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The grade (measured in percentage) is merely a measure of rise over run. A rise of 4" over 100" horizontal is 4%. 1" over 100" is 1%. This is the same whether G scale, Z scale, or full size. A 45-degree incline would be a 100% grade.

The practical maximum grade for G scale (and the smaller scales) is between 3 and 4%. Much steeper than that, and your train lengths really start to get short, or you need to break out the helpers. Obviously, if you can get away with keeping your track level, do so--especially on sidings where cars would otherwise tend to roll downhill if not coupled to a locomotive.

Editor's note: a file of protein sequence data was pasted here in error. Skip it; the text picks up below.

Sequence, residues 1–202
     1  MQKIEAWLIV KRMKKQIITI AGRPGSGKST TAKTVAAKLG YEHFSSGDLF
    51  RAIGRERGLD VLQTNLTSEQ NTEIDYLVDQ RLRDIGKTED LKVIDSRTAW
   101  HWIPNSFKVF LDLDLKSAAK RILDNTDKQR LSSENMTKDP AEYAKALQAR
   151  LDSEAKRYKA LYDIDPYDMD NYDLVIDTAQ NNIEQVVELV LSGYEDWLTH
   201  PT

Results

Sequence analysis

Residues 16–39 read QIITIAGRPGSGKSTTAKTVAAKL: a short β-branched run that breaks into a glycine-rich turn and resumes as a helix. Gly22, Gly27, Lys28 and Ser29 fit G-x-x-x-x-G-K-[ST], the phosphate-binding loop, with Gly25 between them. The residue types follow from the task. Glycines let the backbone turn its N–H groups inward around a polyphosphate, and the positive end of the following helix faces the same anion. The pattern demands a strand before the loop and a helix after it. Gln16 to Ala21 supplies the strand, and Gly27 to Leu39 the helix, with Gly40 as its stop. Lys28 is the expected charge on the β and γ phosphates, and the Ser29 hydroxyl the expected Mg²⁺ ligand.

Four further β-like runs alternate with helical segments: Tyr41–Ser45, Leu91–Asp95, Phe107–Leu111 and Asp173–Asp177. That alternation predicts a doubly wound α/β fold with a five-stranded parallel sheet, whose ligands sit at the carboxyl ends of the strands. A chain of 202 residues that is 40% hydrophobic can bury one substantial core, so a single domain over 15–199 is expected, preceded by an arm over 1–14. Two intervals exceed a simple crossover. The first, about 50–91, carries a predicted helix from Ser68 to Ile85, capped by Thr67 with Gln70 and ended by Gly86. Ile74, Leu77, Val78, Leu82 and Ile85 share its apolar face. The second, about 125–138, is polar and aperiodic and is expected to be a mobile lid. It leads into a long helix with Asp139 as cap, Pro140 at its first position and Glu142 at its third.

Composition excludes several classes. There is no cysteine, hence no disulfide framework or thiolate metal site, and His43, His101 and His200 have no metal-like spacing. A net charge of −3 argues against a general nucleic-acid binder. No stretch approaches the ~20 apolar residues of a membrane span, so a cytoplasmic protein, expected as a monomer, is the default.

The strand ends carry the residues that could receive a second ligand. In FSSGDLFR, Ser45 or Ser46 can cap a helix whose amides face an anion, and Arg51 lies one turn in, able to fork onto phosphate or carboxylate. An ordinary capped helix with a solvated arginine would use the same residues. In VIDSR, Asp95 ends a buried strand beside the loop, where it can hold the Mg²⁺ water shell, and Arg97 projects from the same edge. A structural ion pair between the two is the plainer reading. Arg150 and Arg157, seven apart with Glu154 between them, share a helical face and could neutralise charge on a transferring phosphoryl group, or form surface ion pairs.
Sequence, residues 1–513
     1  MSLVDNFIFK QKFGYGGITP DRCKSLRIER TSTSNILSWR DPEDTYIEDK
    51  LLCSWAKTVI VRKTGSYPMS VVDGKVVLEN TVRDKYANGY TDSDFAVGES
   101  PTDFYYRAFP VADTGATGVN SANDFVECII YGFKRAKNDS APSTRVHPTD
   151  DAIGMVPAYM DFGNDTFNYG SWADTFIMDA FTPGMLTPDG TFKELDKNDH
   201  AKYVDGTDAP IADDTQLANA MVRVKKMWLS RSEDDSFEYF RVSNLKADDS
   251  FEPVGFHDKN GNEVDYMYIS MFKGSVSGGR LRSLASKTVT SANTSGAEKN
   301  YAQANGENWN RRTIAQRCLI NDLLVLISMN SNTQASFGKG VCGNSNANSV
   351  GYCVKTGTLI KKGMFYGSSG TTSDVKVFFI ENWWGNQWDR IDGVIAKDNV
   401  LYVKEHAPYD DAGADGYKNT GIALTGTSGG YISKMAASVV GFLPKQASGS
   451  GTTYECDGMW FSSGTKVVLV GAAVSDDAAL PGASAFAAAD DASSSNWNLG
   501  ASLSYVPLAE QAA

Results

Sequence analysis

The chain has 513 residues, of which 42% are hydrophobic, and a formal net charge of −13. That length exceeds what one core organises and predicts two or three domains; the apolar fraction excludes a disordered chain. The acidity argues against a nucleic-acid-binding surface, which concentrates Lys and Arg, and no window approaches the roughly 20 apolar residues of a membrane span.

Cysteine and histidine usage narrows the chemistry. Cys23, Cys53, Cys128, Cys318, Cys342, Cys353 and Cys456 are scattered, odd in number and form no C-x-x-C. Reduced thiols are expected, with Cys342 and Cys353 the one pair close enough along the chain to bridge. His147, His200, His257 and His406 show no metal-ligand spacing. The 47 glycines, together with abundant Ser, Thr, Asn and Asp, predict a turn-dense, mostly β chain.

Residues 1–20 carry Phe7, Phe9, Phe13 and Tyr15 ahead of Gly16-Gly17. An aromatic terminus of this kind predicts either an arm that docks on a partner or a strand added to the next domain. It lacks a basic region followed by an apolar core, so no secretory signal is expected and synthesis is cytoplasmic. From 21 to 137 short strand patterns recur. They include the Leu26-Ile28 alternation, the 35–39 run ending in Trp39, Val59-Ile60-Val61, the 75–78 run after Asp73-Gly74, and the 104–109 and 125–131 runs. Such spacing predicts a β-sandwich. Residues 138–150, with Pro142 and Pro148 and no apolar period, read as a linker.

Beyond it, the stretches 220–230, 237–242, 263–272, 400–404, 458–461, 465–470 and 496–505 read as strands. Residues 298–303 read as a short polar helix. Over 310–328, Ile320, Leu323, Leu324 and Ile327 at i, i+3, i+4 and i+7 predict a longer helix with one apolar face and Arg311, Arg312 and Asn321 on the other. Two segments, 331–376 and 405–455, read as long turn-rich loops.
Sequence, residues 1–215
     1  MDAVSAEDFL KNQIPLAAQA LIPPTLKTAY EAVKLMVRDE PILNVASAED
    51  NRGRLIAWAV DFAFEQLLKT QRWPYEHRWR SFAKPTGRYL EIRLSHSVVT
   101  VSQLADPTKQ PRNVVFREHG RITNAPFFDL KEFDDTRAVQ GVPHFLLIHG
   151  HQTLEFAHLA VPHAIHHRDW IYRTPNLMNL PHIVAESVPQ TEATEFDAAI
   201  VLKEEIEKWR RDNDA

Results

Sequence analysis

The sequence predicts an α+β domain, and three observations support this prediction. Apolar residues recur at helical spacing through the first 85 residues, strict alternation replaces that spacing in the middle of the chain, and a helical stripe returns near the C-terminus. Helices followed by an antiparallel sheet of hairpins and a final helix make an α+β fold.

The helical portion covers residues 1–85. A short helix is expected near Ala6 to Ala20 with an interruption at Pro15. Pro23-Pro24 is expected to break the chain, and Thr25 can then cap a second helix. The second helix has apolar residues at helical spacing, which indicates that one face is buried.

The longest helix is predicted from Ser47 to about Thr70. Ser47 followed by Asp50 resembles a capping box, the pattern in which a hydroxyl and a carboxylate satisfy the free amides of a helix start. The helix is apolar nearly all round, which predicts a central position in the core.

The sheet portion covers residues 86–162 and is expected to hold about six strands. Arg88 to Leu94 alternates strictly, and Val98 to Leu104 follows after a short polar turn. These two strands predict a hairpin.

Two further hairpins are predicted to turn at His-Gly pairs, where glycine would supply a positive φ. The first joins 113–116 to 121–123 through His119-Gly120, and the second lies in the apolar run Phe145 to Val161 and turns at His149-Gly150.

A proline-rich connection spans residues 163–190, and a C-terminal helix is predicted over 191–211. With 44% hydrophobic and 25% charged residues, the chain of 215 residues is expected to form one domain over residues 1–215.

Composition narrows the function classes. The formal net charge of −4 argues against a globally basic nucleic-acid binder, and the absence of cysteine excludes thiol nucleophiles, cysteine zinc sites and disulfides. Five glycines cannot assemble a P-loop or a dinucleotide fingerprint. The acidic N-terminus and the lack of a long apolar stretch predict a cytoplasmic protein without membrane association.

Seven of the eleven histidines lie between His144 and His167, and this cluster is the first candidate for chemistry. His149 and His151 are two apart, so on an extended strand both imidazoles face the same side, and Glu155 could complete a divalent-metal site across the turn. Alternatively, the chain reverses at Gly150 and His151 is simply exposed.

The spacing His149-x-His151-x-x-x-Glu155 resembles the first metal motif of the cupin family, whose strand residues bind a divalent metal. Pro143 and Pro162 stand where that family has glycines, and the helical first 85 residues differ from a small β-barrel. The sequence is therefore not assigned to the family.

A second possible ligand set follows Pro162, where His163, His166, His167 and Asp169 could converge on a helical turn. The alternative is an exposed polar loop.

Later,

K
 

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Premium Member
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965 Posts
The simplest way to check the grade of existing track is to use the Craftsman [Sears] digital level. The level has degree and % of grade readouts. It also has a lazer beam.

Here is illustrated how I use it on a boxcar or flatcar for instant grade % readouts [ 1.3% grade shown].

If the track isn't placed yet, then set the level on the ground and adjust it to the grade desired. Then shoot the lazer beam forward, creating an even line of sight for the desired grade. If needed, then the level could be raised, showing how much fill is needed for a given grade.
JimC.
 
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